.....Advertisement.....
.....Advertisement.....

Today's News

  • Two men busted for LSD, cocaine possession

    Two men pleaded not guilty last Thursday to cocaine possession and LSD trafficking charges during a District Court arraignment.  
    Benjamin Gardner, 21, 2976 Hume Bedford Road, Lawrenceburg, and Kevin Cross, 36, 1105 Jessamine Station Pike, Nicholasville, were arrested Sept. 9 around 5 p.m. after city police found cocaine, LSD and marijuana in Cross’s vehicle during a traffic stop on North Main Street.

  • Congrats, Phyllis, for winning a $50 gas card!
  • City council finalizes tax rate hike

    The city council unanimously approved the second reading of its 3.26 percent tax increase on Sept. 9.
    Council members voted 5-0 to set the real property tax rate at $1.90 per $1,000 assessed value and the personal property tax rate at $3.07 per $1,000 assessed value.
    Councilman Larry Giles was absent during last Monday night’s meeting.
    The new compensating rates will add $6 per $100,000 assessed real property and $22.20 per $100,000 assessed personal property for the upcoming fiscal year.

  • Enjoying the fading days of summer

    This Sunday marks the beginning and the end. The autumnal equinox arrives to say goodbye to summer. It has been a remarkable summer. Across the country it was the wettest since 2004.
    Those of us who lost garden plants to flooding need to come up with some solutions. I vote for raised beds.
    Cement blocks, rocks and old barn wood make great raised beds. If you know someone with a sawmill, those outside bark boards are really good, especially if they are cedar trees. The cedar helps repel insects. Mine lasted over 10 years.

  • Tired? Learn more about sleep Oct. 17

    Do you remember when you had a good night’s sleep?
    Dr. Demetra Antimisiaris, PharmD, CGP, FASCP, from the University of Louisville Dept. of Neurology, will talk about sleep health on Oct. 17 in Anderson County.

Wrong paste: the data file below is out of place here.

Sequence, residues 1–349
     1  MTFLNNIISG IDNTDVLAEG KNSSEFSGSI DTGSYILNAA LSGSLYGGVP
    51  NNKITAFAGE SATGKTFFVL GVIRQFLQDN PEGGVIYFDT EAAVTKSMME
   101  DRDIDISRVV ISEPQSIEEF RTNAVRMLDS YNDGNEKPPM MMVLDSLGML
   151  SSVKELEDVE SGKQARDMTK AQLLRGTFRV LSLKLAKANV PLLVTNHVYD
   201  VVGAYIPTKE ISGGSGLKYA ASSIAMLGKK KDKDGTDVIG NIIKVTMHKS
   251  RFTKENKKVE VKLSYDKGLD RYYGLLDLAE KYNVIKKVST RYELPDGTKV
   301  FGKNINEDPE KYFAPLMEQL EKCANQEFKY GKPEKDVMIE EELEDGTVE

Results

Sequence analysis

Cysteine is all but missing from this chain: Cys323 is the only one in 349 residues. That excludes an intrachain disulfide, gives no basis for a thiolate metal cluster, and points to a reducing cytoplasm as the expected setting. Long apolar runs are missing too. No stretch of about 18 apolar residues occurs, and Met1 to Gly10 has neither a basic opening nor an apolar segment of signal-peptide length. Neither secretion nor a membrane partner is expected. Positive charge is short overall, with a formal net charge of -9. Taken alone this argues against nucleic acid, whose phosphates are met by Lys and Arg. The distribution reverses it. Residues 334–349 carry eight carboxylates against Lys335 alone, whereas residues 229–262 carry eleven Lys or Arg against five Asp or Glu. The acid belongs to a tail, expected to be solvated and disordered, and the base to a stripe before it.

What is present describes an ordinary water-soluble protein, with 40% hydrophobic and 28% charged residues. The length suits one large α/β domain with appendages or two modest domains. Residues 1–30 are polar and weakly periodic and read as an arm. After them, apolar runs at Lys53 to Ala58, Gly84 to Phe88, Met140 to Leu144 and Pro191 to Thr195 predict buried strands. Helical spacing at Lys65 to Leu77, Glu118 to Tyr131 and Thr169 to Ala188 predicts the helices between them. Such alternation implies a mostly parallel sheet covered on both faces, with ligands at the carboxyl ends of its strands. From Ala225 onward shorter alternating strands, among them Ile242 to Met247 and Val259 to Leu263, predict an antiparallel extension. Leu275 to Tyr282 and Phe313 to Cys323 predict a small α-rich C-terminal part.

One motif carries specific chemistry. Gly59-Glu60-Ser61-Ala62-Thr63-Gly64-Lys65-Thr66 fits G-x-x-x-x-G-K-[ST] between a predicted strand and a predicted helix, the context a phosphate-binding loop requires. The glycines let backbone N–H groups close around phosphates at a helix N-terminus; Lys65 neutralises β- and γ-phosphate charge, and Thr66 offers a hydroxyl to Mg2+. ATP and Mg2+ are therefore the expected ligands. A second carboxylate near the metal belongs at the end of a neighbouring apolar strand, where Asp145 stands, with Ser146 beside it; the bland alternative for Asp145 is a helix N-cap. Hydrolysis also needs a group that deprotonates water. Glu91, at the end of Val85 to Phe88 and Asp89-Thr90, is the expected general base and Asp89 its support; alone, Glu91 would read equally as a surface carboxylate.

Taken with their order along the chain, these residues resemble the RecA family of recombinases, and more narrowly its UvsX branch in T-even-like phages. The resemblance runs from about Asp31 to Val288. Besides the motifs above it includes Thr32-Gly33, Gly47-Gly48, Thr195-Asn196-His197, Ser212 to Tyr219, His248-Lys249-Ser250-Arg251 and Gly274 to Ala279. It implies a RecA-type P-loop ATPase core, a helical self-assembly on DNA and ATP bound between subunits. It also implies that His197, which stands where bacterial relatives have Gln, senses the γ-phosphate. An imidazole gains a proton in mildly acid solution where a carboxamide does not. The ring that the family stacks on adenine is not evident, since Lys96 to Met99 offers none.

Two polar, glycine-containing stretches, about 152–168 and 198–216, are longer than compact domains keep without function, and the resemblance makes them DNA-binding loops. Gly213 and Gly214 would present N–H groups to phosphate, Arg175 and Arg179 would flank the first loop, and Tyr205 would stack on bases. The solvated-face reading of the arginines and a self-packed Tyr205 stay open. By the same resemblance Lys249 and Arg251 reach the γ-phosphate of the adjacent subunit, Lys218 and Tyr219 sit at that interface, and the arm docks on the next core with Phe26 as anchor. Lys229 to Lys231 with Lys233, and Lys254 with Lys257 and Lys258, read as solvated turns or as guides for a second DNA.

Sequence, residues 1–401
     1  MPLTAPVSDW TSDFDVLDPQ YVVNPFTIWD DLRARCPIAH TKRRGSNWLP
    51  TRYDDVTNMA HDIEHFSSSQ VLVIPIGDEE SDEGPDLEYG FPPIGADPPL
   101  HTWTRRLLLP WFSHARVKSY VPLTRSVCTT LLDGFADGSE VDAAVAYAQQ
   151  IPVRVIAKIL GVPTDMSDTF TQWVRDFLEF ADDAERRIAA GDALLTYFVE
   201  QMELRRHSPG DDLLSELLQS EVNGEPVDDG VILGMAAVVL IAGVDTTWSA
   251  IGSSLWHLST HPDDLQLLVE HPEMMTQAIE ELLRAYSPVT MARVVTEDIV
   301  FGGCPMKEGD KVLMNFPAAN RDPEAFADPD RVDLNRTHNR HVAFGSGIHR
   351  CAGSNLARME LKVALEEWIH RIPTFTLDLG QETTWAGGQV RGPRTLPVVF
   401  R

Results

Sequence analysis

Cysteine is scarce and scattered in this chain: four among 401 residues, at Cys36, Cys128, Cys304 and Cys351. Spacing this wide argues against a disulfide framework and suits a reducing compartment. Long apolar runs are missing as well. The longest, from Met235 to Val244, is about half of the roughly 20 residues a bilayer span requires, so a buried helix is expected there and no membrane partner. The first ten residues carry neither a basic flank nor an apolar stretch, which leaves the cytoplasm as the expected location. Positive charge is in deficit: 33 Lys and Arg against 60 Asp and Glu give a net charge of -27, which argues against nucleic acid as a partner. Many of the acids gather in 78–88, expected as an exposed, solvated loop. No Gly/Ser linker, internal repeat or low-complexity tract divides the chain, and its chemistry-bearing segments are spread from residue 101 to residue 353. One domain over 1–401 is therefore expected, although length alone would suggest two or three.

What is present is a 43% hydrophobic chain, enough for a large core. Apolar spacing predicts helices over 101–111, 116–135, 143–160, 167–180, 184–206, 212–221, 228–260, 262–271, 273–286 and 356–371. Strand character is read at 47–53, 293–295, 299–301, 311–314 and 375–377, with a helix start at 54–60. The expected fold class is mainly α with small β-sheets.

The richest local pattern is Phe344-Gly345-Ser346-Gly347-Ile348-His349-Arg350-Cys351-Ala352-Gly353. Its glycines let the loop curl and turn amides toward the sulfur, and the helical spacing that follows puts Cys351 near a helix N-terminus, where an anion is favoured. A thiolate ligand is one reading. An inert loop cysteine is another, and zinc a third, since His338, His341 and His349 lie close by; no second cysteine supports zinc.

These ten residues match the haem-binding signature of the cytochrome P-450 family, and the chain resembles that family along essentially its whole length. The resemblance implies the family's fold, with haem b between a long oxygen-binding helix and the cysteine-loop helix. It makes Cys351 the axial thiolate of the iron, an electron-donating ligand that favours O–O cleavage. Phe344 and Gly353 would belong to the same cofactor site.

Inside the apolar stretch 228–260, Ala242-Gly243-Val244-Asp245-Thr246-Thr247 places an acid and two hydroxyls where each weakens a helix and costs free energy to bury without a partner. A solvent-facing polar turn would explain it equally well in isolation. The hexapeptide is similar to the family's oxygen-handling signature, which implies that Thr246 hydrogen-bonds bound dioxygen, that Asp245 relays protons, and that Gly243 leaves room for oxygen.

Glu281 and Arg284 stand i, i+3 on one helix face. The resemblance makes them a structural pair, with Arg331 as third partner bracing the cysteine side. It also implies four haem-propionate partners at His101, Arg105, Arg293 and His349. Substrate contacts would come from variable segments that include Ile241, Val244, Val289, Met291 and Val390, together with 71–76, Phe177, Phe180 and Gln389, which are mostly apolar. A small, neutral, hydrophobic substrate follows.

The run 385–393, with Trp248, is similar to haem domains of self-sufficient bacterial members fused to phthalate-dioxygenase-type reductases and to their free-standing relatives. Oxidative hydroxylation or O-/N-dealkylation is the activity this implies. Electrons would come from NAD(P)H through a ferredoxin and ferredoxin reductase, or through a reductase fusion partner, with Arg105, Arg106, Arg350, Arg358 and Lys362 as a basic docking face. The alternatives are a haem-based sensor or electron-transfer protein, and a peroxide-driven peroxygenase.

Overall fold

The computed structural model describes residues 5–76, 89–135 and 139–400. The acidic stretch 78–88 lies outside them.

Here are some tips on getting a good night’s sleep. She will provide extensive information on sleep health which will help you or other family members from young children to seniors.

  • One ring, two mothers

    She’s found strange things on the school bus.
    Usually it’s costume jewelry, band instruments and orphaned cleats forgotten under seats until Rita Edington walks down to clean the aisles.
    Bus 27 is her bus, the only bus she ever drove for 25 1/2 years.
    But once, she found a ring.
    A mother’s ring.
    And Rita has wondered about this mother for more than a decade.
    Rita never removes the gold band on her pinkie finger.

  • Daughter, son-in-law earned each other

    “Shallow men believe in luck or in circumstance. Strong men believe in cause and effect.”
    —Ralph Waldo Emerson

    Since giving my youngest daughter’s hand in marriage last Friday afternoon, I’ve thought a lot about the idea of being lucky.
    I’ve never been one to believe in luck, and often bristle when I hear that so and so is “lucky” because he has a good job or a nice home or whatever.

  • Lawrenceburg man killed in Shelbyville wreck

    Landmark Media Services
    For the second time in less than a week, a traffic accident on Sept. 12 has claimed a life in Shelby County, this time, 57-year-old James Walker of Lawrenceburg.
    A second man, Jonathan Denning, 28, of New Albany, Ind., was taken to the University of Louisville with unknown injures.
    The accident happened at about 11 a.m. in the 7400 block of Frankfort Road, as Denning, who was driving east in a Freightliner dump truck, lost control of the vehicle when he lost tire tread, KSP spokesperson Kendra Wilson said.

  • Dozens of turtles, fish killed in county park

    Fish and Wildlife officer David Goodlett and Jason Chesser with Parks and Recreation maintenance, with the assistance of Officer Brian Wooldridge, tossed back the fish they found wriggling among the dead last Thursday.  
    They were able to save one small turtle that quickly ducked beneath lake weeds and disappeared from sight.
    Goodlett initially estimated last Thursday that there were about 500 total dead fish and turtles caught in the three commercial fishing nets placed in the middle of the Anderson County community park lake.  

  • Minority student information improperly accessed

    Anderson County school officials have admitted that an administrator improperly accessed personal information on 70 to 80 minority students, angering at least one mother and prompting changes to the district’s policies over who can access student information.
    Karen Harris said her daughter’s personal information was improperly accessed through the district’s internal student information system Infinite Campus because a graduate student needed a list of African American and bi-racial students to interview to complete his master’s degree.